The savings in raw materials costs obtained by recycling the purge bin vent gases to the reactor can be seen by comparing the data of Tables 2 and 3. The net reduction in raw material losses, obtained from that comparison, is summarized in Table 4.
TABLE 4______________________________________Loss Reduction with Vent Recycle(lbs. loss/lb. of product) Ethylene Hexene______________________________________Process operating at 60 psi C2 = (-0.0002) 0.0229Process operating at 25 psi C2 = 0.0016 0.0076______________________________________
The data in Table 4 shows that, assuming raw materials cost of 24 cents/pound of ethylene and 40 cents/pound of 1-hexene, the vent recycle system of the present invention represents cost savings of 0.91 cents/pound for a catalyst when the polymerization process is conducted at the ethylene partial pressure of 60 psi and 0.34 cents/pound for the catalyst when the process to operates at 25 psi partial pressure of ethylene.
It will be apparent to those skilled in the art that the vent recycle system of the present invention is most effective and economical when it is used in combination with high activity olefin polymerization catalysts enabling the process to be operated at low ethylene partial pressures of not greater than about 80 psi. Such catalysts are disclosed, for example, by Karol et al, U.S. Pat. No. 4,302,566, the entire contents of which are incorporated herein by reference. In the most preferred embodiment, the catalyst used herein, which enables the operation of the process at extremely low pressures of about 20-40 psi of ethylene partial pressures, is that described by Nowlin et al, U.S. Pat. No. 4,481,301.
Conventional materials handling equipment and techniques may be employed in the process of the present invention. It is preferred, however, to use a purge vessel which has a conical-shape bottom as shown schematically in FIG. 2. In this case, in order to obtain the preferred plug flow of resin, it may be necessary to utilize an inverted conical insert or other means inside the bottom of the purge vessel. The height of this insert may be adjusted in order to provide the desired effect. Such inserts are commercially available. The purpose of the filters (118 in FIG. 2) is to prevent the resin particles from being carried out of the top of the purge vessel with the exiting purge gas. Conventional, commercially-available bag filters may be employed. Similarly, conventional coolers and blowers may be employed to provide the necessary materials handling capability and to control the temperature and pressure of resin and purge gas.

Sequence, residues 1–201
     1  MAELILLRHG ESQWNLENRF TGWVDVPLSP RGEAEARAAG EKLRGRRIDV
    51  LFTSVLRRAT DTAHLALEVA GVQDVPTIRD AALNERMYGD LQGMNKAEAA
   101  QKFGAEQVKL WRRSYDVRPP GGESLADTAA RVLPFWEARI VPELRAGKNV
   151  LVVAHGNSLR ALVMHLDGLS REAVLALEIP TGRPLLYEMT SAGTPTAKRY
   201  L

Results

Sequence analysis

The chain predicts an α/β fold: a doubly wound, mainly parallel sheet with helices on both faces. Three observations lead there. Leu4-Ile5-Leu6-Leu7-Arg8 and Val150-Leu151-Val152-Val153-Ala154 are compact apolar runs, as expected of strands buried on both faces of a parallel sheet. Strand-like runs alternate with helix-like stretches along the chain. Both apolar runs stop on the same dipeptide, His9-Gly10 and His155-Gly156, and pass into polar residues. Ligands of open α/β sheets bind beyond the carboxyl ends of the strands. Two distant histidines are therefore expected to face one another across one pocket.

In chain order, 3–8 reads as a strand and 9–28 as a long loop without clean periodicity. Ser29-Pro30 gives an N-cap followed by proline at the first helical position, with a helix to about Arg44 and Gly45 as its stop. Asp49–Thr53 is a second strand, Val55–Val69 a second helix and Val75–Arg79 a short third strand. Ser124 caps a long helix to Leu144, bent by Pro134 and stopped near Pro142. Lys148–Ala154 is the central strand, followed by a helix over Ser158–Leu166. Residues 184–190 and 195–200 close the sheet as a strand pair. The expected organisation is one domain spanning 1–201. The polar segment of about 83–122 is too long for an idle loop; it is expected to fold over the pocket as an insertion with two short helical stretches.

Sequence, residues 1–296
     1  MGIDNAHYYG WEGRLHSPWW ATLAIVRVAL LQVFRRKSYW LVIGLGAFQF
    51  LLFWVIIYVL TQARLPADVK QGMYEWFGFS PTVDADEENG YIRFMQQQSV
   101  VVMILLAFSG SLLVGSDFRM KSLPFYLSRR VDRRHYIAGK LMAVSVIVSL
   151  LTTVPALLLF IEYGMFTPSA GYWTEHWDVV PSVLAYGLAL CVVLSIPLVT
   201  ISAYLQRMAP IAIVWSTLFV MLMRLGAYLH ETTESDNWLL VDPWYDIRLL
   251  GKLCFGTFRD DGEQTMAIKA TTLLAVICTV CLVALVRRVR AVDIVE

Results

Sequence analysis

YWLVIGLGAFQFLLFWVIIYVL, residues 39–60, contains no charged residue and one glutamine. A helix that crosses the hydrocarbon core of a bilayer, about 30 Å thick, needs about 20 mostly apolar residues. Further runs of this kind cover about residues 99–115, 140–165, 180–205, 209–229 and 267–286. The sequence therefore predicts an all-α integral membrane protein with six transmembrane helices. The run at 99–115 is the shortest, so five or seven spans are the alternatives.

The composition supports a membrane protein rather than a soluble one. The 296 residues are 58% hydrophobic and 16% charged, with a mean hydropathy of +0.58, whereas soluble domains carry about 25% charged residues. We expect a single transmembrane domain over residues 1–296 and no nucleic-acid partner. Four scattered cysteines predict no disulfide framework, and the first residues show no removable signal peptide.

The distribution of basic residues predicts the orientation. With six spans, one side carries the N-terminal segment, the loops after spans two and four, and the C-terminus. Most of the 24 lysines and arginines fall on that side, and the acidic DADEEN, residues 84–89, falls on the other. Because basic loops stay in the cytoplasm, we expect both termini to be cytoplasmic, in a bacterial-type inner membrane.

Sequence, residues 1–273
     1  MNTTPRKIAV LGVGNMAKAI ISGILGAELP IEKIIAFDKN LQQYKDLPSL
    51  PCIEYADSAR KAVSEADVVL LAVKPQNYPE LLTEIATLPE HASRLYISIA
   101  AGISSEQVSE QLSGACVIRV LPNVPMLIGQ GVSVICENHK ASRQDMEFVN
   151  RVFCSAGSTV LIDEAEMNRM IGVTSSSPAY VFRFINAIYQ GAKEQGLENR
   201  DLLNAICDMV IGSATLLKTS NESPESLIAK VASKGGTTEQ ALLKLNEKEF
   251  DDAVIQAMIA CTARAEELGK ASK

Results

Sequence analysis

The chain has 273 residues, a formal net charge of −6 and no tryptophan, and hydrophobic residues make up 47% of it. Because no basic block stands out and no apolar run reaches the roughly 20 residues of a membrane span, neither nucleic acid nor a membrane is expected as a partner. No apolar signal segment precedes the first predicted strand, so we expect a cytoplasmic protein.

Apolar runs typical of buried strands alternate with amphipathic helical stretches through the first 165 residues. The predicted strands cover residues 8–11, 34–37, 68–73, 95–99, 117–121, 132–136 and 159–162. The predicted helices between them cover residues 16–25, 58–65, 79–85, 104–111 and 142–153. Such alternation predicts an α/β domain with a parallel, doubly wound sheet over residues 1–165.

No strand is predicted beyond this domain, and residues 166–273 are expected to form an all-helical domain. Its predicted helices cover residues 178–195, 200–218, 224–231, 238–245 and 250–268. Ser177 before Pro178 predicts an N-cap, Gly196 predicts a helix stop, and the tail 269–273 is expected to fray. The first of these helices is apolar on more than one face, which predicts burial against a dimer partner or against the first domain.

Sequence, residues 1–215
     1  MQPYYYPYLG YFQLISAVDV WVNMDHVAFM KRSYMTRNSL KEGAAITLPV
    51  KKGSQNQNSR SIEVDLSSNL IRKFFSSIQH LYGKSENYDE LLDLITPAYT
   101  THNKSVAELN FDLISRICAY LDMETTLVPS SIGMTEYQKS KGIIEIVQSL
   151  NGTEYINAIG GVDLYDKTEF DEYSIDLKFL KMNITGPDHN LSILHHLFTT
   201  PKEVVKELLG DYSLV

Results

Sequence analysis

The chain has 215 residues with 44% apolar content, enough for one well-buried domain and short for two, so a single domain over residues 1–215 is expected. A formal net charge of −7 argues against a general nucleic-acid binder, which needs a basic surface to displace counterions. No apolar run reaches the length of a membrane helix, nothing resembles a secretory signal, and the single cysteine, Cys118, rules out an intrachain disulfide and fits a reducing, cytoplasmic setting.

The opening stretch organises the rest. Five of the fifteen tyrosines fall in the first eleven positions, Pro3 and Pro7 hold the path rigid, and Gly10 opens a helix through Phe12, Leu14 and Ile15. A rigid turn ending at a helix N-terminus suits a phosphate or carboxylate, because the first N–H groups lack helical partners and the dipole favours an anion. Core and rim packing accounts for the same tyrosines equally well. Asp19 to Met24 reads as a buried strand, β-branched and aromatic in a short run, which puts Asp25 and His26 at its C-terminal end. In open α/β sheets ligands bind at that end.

The temperature of the resin in the purge vessel is not critical and is normally dependent upon the temperature at which it is obtained from the polymerization reaction. However, the resin temperature affects the residence times as discussed below. In the case of linear, low pressure, low density ethylene copolymers (LLDPE), the resin may be obtained in the form of solid particles directly from the polymerization reaction at a temperature of about 80°-90° C. It is economically desirable not to add additional heat to the resin before feeding the same to the purge vessel. It is also necessary to maintain the resin temperature lower than its softening or melting point which in